Thus, in 1899, an ‘unknown musical well-wisher’ sent Scriabin 500 rubles via Stasov (for the Preludes op. 11 and the impromptus op. 12); 500 rubles in 1900 (for the preludes op. 13 and the sonata op. 19); 1000 rubles in 1901 (for the impromptus op. 14, 5 preludes op. 15, 7 preludes op. 17, Allegro de Concert op. 18); 1000 rubles in 1901 (for the concerto op. 20, four preludes op. 22, nine mazurkas op. 25, polonaise op. 24); as much as 1500 rubles in 1903.
Besides this, in those years Belyayev – personally, on his own account – gave Scriabin a grand piano, Chopin’s complete works, a traveller’s trunk and other things.
On his return from Paris, Scriabin spent the summer of 1898 in a dacha in Maidanovo, near Klin. Scriabin’s father came to that very place from Turkey on holiday, bringing his second wife, in order to introduce his spouse, Alexander Nikolaevich’s stepmother. They all spent the summer together. Here Rimma, the eldest daughter of Alexander Nikolaevich and Vera Ivanovna, was born.
A few pieces were written before the summer. The Third Sonata must be named as foremost amongst them. It is a miraculous work, which could be said to sum up the composition of the young Scriabin. At that time, its harmonies carried through the house, and the composer’s mother-in-law, by her new-born granddaughter’s cradle, constantly sang the second theme of the sonata’s finale as a lullaby.
Summer came to an end, the elder Scriabins travelled back to Turkey, and the younger ones needed to travel back to Moscow, to take out a lease on a flat, to set it up and establish a household…This business, always tedious and troublesome, was complicated in this case by the very limited funds of the Scriabins. And it was necessary on top of everything else to think of augmenting the existing sources of subsistence, means which were as limited as they were before, and on which Scriabin could survive alone, but which would already be insufficient for a family…
Just at that time an invitation made its way from Safonov to take up the position of professor of piano in the Moscow Conservatoire, a position left vacant by the death of professor Pavel
Schloezer. And Scriabin could do no other than take up this position, which he duly did in October of 1898.
 See Chapter 3 n. 2
 1871-1950. Violinist, silver medallist at Moscow Conservatoire. He emigrated to Paris and thence to the U.S.A., where he taught at Baltimore Conservatoire and played and played viola in the Boston Symphony Orchestra.
 The finale of this sonata was completed by 1889, as the manuscript shows. It was first published in the Soviet complete edition (first volume) in 1947 and given the tempo mark Presto. The end of this movement brings back the opening of the sonata in grandiose form, proving its origin (which was recognised by the editors of that edition.) One page is missing from the end of the slow movement, but the sonata has been recorded by Roberto Szidon and Mikhail Voskresensky with conjectural endings to that movement. Christoph Flamm, ed. Skrjabin Complete Piano Sonatas, I. 2011, Kassel: Bärenreiter. x-xii.
 The Cathedral was demolished in 1931; its reconstruction took place between 1995 and 2000. The reconstructed cathedral includes a concert hall named the Hall of the Ecclesiastical Councils of the Cathedral of Christ the Saviour. The Letopis’ zhizni i tvorchestva A. N. Skryabina [Chronicle of the life and work of Scriabin] (M. Prashnikova, O. Tompakova, eds.) Moscow: Muzyka, 1985 gives no details of Dubinsky, but does supply him with the initial I (p.46), possibly from Conservatoire archives.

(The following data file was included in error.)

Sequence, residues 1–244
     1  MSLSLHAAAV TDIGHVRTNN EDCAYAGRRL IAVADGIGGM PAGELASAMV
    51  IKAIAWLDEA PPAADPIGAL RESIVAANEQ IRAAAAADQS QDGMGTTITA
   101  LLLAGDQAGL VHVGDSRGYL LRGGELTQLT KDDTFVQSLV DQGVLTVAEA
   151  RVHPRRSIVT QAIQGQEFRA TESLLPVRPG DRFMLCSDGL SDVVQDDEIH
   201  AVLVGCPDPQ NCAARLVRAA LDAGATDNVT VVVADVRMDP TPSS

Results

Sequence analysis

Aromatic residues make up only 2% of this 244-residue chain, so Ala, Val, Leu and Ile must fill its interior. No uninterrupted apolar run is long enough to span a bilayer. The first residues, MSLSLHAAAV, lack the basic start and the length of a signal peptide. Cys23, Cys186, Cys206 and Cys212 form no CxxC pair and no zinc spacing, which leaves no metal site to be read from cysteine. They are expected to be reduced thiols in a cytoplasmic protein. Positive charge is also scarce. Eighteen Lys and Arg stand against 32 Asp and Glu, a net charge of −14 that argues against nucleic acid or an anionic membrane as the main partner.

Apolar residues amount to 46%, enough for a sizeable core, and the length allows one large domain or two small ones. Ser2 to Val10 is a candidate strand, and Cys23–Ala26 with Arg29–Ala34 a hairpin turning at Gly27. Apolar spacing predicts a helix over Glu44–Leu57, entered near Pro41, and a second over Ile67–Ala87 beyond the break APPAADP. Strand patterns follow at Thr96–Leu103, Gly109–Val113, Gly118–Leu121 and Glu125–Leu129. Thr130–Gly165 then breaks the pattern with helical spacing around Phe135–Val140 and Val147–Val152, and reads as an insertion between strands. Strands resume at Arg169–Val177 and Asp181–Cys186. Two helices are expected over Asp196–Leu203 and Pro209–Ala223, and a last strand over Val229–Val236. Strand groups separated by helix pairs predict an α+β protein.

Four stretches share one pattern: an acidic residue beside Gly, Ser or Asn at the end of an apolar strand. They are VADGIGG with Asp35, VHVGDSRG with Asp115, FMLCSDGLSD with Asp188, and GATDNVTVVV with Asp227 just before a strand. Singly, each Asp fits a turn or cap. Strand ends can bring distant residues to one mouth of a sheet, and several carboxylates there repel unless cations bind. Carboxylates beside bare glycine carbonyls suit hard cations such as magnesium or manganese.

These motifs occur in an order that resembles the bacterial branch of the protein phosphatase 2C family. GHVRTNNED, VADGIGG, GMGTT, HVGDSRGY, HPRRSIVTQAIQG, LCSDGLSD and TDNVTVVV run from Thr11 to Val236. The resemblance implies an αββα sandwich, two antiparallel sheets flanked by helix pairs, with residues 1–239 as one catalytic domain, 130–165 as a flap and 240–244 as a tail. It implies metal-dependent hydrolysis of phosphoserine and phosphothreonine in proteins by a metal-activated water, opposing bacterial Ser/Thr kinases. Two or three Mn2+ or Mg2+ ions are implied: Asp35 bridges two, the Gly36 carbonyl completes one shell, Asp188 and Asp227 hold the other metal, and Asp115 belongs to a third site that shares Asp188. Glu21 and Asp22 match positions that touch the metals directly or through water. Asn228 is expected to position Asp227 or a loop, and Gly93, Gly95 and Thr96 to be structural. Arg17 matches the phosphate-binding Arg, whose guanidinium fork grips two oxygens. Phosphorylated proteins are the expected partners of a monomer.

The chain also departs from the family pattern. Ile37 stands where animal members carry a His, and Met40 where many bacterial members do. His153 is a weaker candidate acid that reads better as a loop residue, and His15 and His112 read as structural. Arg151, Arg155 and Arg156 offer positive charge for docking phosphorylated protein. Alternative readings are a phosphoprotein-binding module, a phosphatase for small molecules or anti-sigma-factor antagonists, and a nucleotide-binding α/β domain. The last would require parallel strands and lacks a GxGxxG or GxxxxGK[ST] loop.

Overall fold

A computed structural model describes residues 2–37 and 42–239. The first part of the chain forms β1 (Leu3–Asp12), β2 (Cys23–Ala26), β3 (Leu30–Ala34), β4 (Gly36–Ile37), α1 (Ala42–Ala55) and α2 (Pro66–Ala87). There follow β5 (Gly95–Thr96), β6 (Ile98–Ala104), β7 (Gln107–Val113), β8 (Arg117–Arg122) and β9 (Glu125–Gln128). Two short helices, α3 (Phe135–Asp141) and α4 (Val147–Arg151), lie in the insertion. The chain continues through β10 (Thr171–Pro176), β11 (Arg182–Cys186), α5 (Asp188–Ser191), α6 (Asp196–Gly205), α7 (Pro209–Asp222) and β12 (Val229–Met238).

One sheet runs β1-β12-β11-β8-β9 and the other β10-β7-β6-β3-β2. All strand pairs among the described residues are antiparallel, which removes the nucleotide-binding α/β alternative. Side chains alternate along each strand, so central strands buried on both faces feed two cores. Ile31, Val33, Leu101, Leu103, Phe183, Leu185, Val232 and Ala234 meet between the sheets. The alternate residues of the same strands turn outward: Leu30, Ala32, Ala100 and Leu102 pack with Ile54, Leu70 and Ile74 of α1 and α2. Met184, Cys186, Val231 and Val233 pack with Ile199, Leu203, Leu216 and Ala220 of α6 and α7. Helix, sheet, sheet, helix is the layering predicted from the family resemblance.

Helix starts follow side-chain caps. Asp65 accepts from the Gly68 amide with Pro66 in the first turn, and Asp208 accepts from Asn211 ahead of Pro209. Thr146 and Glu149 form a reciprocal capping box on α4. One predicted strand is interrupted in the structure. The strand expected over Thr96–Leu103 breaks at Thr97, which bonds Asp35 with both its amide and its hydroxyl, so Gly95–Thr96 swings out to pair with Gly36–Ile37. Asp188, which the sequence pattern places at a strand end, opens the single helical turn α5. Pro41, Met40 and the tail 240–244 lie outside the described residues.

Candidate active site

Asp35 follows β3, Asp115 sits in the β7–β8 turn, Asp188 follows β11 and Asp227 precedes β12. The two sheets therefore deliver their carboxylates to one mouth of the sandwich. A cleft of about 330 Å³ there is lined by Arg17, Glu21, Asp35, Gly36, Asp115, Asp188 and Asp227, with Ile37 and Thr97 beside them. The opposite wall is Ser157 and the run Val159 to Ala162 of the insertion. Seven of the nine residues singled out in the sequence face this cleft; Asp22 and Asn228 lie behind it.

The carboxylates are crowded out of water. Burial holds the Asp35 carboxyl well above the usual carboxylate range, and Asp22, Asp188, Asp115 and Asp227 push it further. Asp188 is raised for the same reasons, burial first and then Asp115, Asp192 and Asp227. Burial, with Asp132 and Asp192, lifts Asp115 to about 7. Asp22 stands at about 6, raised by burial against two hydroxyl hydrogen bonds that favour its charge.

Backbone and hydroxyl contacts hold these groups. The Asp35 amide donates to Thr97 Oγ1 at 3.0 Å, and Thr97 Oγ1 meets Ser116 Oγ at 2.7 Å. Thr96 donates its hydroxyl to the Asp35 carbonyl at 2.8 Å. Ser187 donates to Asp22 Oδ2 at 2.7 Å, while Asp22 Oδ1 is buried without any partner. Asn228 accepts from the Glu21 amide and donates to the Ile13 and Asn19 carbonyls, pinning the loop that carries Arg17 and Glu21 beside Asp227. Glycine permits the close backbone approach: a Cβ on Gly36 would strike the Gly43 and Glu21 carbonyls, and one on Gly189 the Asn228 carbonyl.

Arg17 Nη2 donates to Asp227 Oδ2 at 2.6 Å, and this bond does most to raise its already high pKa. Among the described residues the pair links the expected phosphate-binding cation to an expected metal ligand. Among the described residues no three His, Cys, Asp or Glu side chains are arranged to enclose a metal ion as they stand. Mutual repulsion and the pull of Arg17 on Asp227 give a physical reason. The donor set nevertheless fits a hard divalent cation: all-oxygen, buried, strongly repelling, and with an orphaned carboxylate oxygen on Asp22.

According to E. K. Rozenov, Scriabin paid for his opp. 1 and 2 to be published, but the Jurgenson firm did not charge for opp. 3 and 5. Taking everything into account, Scriabin owed Jurgenson a few score roubles, which he duly paid. E. G.
 E. K. Rozenov relates that it was Safonov who introduced Belyayev to Scriabin. Y. E.
 Russian-speaking readers can follow all of this in the Scriabin-Belyayev correspondence which was published in 1922 and is available in facsimile. The correspondence is intriguing and sometimes very amusing.
 Scriabin’s acquaintance with a lady from Germany (the wife of a sculptor) dates from this time; she left a strong impression on his soul. Alexander Nikolaevich told the story afterwards of how he was then too young to appreciate fully the remarkable mature spirit of this woman; she was older than him. Y.E.
 It is clear from the end of the paragraph that this patron is the critic mentioned earlier.
 The Imperial Russian Musical Society, which was started in the mid-nineteenth century, received the ‘Imperial’ title in 1873 and existed until the revolution.
 See chap. III n. 20.
 However, it should be mentioned that in teaching form Taneyev drew attention to this particular area, especially in Beethoven. Y. E.
 Lyubertsy, now a big industrial suburb of Moscow, did not acquire the status of a town until 1925.
 Nataliya Valerianovna Sekerina.
 Nikolai Markov and Iosif Gurlyand.
 The Romance was not then published. Nowadays listeners might find themselves in disagreement with Rozenov’s opinion. A good performance can be heard on https://www.youtube.com/watch?v=kpRm6OgtQQ4.
 ‘Long dimmed’ is a slight exaggeration. After Sekerina turned down Scriabin’s proposal of marriage, he wrote her a courteous and formal letter of farewell at the end of December 1895.
 See Chap. III n. 6.
 See Chap. III n. 7.
 In this context ‘audition’ means ‘performance’, ‘a chance to hear’.
 Vladimir Vasilievich Stasov 1804–1906 was one of the most influential critics of Russian music and art. A believer in building on Russian heritage and maintaining a Russian identity, he was a mentor of the ‘Five’ or ‘Mighty Handful’ in music and of the ‘Travellers’ in art.
 By the leading St. Petersburg maker, Becker; it is in the Scriabin Museum.